£10m over budget but completion in sight for Hearts’ main stand
But fans of the Gorgie club have been informed that rising costs have been covered and that the project should be completed by the end of 2020.
Work began on the redevelopment in November 2016, with the old main stand hosting its final game on 7 May, 2017. Hearts then played the last four games of the 2016-17 season away from home and, although they were able to open the other three stands to accommodate League Cup matches early in the new campaign, they were granted permission to schedule away fixtures for the beginning of league business.
They had been due to return to Tynecastle to host Aberdeen in September but embarrassingly missed the deadline after it was revealed that new seats had not been ordered in time.
That meant a temporary relocation to Murrayfield for “home” games against Aberdeen, St Johnstone, Rangers and then Kilmarnock before finally getting the go-ahead to open the turnstiles for the visit of Partick Thistle in November 2017.
But, with the development always planned as a phased operation, work has been ongoing and while deadlines have passed, projected spending targets have risen.
Addressing the club’s AGM, club owner Ann Budge stated that they have received glowing feedback on the completed levels of the stand, which will still come in at less than half the price of former owner Vladimir Romanov’s ambitious £51m plans, but she admitted that work had been placed on pause as plans for the development of the second floor area were finalised and funds earmarked.
“We still have one more floor of the main stand to finish and we have looked at several different plans, covering several different uses,” said Budge. “The one I think we will go with is sitting there, ready for me to press the button on, but we need to ensure we have the money because we don’t spend what we don’t have.
“It is important we make sure we have the money to finish it to the same standard and quality as the rest of the stand. I would have liked to have pressed the button in January but, with everything else that has gone on, I can’t see that happening much before the end of the season.
“But hopefully during 2020 we will have the second floor finished and that will be another major source of income for us.”
With the team sitting bottom of the Premiership, the majority shareholder revealed that the club are currently shy of their revenue projections for this stage of the year but believe that the change in management and an upturn in on-field fortunes could get them back on course.
“When the team is not performing well, it impacts across all areas of the business,” she added. “So we are about £400,000 down on our revenue target for this time. That is because people don’t come if they are not enjoying the football and hospitality is harder to fill etc. We are having a hard time of it this year. But we have taken some action and hopefully we will see that change.”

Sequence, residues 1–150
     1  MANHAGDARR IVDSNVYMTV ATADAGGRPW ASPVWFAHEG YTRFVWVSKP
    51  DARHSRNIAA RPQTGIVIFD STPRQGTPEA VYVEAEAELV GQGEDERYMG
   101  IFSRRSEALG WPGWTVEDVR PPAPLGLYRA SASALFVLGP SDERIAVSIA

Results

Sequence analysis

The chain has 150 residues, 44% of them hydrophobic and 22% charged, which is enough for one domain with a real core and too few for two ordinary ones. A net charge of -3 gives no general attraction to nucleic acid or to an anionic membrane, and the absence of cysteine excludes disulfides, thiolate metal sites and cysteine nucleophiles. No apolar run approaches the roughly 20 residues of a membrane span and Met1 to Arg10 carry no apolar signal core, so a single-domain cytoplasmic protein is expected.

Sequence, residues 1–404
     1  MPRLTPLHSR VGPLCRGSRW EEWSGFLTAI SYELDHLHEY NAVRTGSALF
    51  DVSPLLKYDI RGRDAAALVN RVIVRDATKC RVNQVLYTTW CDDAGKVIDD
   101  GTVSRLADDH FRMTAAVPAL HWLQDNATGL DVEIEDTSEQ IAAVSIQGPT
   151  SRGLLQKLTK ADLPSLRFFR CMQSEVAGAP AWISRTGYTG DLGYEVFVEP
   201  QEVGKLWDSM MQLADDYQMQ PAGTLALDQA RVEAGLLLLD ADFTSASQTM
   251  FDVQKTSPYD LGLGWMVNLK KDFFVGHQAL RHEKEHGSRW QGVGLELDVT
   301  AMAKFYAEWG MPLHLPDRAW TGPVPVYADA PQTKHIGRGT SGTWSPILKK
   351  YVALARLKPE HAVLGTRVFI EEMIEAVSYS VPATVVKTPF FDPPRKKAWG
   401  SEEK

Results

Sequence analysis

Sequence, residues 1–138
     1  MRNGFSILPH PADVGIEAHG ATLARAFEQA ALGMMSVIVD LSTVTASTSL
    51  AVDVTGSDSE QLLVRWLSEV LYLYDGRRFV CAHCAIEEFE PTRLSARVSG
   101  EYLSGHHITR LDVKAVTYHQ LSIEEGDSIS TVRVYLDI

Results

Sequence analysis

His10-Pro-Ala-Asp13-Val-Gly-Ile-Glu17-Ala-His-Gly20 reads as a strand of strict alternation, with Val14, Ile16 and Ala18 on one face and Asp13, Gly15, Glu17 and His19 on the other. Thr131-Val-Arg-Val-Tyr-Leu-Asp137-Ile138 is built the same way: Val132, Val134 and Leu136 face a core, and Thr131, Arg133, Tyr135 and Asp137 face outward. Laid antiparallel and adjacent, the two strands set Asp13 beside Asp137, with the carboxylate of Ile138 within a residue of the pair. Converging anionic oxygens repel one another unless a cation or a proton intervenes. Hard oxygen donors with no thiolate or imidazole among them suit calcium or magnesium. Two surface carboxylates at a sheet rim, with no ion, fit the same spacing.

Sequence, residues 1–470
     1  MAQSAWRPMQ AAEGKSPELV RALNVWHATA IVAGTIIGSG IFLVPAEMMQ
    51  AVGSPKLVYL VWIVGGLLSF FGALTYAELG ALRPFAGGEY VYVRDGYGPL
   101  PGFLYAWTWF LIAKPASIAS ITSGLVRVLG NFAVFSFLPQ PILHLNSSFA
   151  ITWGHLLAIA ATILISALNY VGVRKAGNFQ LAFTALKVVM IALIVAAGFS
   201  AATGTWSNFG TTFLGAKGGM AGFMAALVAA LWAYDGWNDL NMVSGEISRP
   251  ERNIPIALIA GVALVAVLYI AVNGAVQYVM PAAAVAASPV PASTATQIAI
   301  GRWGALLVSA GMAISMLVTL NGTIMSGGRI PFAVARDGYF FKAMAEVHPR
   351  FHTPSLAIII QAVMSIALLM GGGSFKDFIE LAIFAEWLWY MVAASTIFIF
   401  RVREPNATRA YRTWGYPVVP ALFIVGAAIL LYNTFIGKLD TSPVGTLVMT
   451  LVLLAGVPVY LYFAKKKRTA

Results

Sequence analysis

Finding a way to finish the work could help reduce the overheads of operating on a building site, while the additional facilities should bolster revenue potential.
“We set ourselves some targets last year, to open the Tynecastle Nursery which we did. It has repeatedly been described to me as the best council nursery in Edinburgh. The other thing we said we would do and we did was complete all of the ground floor of the main stand. That included the changing rooms etc. and under the Roseburn Stand we have a state of the art plant room, which is an investment for today and an investment that will see us into the future.
“But the icing on the cake for those of us who work at the club, was getting the top floor Skyline Lounge open. The Skyline Lounge and restaurant is amazing, absolutely first class and regularly, almost every game, it is described as the best facility in Scottish football.
“Do we have to have the best? No we don’t, but if we are doing something, then we might as well do it as well as we can. And we are incredibly proud of the Skyline Lounge. And that will help generate substantial future income. We are investing both in the infrastructure of the club, the long-term future of the club. We are also investing in trying to make our football department better.
“We are in a period where we are investing and we have to continue to invest.”
Budge conceded that setting high standards, allied to the project overrun, meant that the final bill would be £10m more than original estimates. But shareholders were informed that thanks to payment plans that had been agreed with contractors, payments were up to date and paid off by the end of 2019 on all works done.
So far, on top of the £20.8m outlined at the 2018 AGM, a further £200,000 was spent on finishing the top floor and the changing rooms and Budge expects more than £1m in additional funds will be needed to wrap up the work.
“The final bill? The current estimate is around £1.5 for the plan we currently have for second floor,” she said. “When will it all be finished? That depends when we have the funds to finish it. To do what we are currently talking about, on the second floor, that will be another nine-month programme of developments and at this moment I have yet to press the button on that.”